Scientists overcome inaccessibility of caves through molecular genetic approach
An international group of scientists has used a novel highly sensitive method for detection of environmental DNA in groundwater to extend the poorly known range of the rare subterranean amphibian from the Dinaric Karst. With this highly sensitive non-invasive method they discovered 12 new localities of the olm (Proteus anguinus). Their findings were published on 27th March 2017 in the journal Scientific Reports.
Puzzling the minds of many famous naturalists, from Linnaeus, Cuvier and Humboldt, to Lamarck and Darwin, Proteus is one of the world's prime symbols of natural heritage and study. This blind salamander is by far the largest cave animal in the world. In over 250 years of research, it has only been sighted at 300 subterranean sites along the Dinaric Karst. Proteus is a globally threatened species, and is vulnerable due to groundwater pollution.
So far, the hurdle to studying and protecting Proteus has been its subterranean habitat inaccessibility. The authors, Špela Gorički, David Stankovi?, and others developed an indirect method to search for Proteus, detecting its DNA released in water (environmental DNA or eDNA). Traces of Proteus eDNA were searched for in water samples collected from karst springs, wells or caves by a quantitative real time polymerase chain reaction-based approach.
The authors conducted the most extensive survey of Proteus distribution in Slovenia, Bosnia & Herzegovina and Montenegro, established its likely presence at seven new sites along the southern limit of its known range, and newly documented its presence in Montenegro.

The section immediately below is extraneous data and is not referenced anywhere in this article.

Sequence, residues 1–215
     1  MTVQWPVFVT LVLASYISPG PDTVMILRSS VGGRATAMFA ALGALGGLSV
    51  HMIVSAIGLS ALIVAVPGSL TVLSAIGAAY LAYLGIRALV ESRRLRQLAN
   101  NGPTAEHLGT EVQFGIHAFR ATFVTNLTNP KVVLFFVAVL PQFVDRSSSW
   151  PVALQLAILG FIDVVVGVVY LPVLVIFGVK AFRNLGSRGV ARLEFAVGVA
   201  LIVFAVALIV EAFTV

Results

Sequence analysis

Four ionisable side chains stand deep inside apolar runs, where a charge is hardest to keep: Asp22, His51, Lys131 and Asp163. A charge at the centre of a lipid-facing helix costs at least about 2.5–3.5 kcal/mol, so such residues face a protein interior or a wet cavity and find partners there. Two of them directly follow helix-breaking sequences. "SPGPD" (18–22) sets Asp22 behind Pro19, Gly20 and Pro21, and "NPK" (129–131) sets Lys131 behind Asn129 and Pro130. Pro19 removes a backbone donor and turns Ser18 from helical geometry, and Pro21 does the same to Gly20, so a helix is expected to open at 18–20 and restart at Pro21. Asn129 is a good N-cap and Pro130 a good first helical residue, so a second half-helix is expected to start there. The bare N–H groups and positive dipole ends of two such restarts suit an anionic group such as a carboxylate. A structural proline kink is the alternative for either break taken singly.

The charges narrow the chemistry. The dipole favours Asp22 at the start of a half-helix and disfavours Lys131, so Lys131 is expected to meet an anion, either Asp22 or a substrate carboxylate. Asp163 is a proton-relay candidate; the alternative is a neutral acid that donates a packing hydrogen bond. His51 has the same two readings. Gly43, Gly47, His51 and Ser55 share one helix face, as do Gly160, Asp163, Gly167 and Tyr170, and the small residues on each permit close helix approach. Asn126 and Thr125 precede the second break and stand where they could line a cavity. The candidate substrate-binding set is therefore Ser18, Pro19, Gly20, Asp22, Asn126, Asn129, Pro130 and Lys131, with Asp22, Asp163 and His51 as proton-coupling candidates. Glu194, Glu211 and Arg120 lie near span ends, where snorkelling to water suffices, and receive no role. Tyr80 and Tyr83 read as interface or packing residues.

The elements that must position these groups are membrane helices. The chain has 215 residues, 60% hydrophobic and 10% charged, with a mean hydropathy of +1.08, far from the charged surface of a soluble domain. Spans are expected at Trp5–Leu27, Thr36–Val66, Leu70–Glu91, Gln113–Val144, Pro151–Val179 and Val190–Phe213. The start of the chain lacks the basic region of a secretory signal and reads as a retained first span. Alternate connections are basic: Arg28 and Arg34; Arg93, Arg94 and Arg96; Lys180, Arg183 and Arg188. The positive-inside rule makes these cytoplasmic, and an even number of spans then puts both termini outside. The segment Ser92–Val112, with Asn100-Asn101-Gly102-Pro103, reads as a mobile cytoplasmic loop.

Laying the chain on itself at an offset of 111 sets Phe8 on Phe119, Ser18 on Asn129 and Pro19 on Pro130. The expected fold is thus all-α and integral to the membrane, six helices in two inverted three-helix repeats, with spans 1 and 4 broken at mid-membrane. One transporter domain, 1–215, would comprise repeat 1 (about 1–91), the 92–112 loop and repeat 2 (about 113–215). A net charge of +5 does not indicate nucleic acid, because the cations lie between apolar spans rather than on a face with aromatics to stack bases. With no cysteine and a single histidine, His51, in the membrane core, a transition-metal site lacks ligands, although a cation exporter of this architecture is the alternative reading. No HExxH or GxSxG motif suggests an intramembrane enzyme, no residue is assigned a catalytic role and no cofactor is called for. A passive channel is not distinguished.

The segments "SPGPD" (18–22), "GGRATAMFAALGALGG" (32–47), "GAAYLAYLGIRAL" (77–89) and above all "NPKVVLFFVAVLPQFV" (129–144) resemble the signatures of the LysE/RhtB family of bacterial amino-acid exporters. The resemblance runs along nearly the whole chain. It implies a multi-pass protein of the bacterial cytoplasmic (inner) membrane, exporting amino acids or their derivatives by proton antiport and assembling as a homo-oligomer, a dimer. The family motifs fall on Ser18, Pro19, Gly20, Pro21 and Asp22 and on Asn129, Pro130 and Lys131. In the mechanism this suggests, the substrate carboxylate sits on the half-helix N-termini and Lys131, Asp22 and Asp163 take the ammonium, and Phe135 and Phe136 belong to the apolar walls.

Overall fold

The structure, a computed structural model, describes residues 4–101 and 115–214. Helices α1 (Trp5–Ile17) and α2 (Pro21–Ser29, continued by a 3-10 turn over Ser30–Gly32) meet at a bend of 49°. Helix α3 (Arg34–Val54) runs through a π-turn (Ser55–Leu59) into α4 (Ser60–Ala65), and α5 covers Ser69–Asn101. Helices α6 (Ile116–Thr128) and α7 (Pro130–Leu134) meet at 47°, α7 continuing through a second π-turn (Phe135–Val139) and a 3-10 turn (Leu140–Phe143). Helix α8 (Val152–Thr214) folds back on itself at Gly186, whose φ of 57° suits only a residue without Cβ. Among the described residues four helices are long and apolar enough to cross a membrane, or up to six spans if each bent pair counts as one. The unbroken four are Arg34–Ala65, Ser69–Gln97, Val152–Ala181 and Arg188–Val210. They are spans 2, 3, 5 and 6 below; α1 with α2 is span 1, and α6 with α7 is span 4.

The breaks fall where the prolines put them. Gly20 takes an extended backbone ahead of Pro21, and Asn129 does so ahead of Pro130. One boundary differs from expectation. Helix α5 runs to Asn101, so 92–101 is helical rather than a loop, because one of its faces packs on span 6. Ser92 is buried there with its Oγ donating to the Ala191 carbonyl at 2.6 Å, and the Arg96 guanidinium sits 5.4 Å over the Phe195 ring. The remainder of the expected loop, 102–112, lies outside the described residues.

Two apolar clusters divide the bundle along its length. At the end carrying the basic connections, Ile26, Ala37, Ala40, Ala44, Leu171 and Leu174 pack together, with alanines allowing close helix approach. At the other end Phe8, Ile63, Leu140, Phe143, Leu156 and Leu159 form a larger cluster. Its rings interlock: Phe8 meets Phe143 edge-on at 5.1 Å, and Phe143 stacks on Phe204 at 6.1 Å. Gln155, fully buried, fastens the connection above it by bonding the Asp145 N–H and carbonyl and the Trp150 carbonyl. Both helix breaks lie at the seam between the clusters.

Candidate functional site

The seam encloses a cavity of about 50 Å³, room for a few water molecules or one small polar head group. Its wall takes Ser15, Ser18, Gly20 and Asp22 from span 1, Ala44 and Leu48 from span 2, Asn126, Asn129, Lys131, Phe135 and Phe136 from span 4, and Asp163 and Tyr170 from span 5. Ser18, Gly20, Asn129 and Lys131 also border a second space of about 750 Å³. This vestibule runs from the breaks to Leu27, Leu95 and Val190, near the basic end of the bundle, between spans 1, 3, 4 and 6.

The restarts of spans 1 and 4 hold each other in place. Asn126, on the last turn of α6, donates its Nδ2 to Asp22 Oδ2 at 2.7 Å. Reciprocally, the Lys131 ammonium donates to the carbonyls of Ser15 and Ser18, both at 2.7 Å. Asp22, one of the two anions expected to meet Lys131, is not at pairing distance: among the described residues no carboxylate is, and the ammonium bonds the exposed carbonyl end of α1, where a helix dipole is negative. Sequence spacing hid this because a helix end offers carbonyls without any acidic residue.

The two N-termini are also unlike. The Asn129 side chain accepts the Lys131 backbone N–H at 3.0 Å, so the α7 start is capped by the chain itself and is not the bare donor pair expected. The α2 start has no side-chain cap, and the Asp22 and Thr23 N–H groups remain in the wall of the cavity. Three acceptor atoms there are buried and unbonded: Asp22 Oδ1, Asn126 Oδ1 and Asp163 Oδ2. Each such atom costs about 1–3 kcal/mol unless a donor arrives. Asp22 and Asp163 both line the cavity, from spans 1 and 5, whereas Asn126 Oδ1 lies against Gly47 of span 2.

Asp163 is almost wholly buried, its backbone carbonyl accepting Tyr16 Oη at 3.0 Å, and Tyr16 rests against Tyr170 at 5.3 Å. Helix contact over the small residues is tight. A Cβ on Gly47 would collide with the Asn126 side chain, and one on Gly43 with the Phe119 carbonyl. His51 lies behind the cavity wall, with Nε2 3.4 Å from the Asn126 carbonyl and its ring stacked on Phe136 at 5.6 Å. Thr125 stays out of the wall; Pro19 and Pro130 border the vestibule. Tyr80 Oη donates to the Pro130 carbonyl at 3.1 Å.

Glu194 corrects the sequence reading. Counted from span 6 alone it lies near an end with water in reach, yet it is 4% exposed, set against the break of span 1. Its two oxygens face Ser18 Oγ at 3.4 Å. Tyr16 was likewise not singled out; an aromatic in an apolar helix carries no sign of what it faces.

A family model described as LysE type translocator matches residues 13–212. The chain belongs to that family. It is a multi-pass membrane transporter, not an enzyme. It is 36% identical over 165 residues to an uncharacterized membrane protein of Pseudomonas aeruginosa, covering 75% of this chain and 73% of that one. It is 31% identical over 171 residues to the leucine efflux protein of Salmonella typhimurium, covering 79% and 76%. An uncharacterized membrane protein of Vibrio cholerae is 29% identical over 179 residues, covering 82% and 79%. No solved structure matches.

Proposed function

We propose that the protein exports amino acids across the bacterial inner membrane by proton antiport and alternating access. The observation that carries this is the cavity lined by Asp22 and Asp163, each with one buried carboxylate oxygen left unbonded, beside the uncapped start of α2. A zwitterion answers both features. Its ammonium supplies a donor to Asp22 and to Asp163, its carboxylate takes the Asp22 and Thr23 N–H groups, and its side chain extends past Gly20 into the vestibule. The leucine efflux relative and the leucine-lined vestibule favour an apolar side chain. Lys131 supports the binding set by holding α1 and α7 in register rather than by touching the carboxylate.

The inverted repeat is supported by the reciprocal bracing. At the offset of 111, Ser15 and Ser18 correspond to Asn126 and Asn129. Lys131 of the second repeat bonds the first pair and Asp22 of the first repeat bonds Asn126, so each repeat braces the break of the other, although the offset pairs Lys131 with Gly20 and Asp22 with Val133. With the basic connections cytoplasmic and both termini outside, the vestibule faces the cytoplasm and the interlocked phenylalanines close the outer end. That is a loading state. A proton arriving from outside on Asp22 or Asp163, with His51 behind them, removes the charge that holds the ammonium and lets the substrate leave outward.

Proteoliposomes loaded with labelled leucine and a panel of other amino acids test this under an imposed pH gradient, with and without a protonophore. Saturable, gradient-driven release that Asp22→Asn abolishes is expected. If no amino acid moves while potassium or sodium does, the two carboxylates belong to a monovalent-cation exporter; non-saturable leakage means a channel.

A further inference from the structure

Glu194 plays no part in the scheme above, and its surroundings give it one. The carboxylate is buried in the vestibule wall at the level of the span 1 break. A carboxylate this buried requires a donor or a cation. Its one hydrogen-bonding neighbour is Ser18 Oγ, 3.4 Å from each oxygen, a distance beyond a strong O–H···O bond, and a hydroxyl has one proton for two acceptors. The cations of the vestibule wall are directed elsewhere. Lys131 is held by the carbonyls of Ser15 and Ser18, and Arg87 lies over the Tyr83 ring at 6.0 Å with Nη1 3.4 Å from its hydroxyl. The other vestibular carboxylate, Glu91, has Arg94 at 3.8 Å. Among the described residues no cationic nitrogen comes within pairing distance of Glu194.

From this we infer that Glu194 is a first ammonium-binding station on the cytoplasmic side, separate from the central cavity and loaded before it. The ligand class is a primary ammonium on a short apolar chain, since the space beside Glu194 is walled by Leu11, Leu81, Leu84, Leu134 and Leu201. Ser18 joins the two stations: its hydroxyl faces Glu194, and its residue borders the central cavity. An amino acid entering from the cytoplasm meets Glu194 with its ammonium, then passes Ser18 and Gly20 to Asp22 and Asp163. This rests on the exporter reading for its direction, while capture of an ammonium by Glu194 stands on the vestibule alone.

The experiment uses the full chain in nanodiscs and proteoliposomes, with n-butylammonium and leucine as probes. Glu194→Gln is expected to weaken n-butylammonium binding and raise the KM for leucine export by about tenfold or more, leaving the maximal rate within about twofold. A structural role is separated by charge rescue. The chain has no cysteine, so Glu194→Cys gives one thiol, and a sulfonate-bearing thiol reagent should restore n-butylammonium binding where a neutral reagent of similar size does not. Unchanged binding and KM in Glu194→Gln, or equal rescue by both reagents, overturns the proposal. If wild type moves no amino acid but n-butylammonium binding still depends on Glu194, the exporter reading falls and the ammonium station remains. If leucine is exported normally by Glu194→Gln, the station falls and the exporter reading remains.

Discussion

The study also developed a more specific method to detect the eDNA of the black Proteus morph, a rarely spotted animal that is confined to an area of 30 km2 in Southeastern Slovenia. This sampling doubled the known black Proteus sites – a new basis for an efficient conservation management – and documented that both black and white Proteus populations live side by side.
"Our results show that the eDNA approach is suitable not only in biogeography and conservation of rare and endangered species, but it is efficient also in addressing questions in evolution and taxonomy of the cryptic subterranean fauna." said Dr. Špela Gorički, the first author on the study. "All countries, both within the previously known and the newly established range of Proteus, should confront the challenge to preserve it. Not only would we lose such an extraordinary animal, but the people would lose their only source of drinking water", said Gregor Aljančič of the Tular Cave Laboratory, the senior author.
The study was part of the project "A survey of the distribution of Proteus anguinus by environmental DNA sampling", co-financed by the Critical Ecosystem Partnership Fund, BirdLife International and DOPPS (CEPF GEM No. 45), and the project "With Proteus we share dependence on groundwater", financed by the EEA Financial Mechanism and the Norwegian Financial Mechanism 2009-2014 (SI03-EEA2013/MP-17).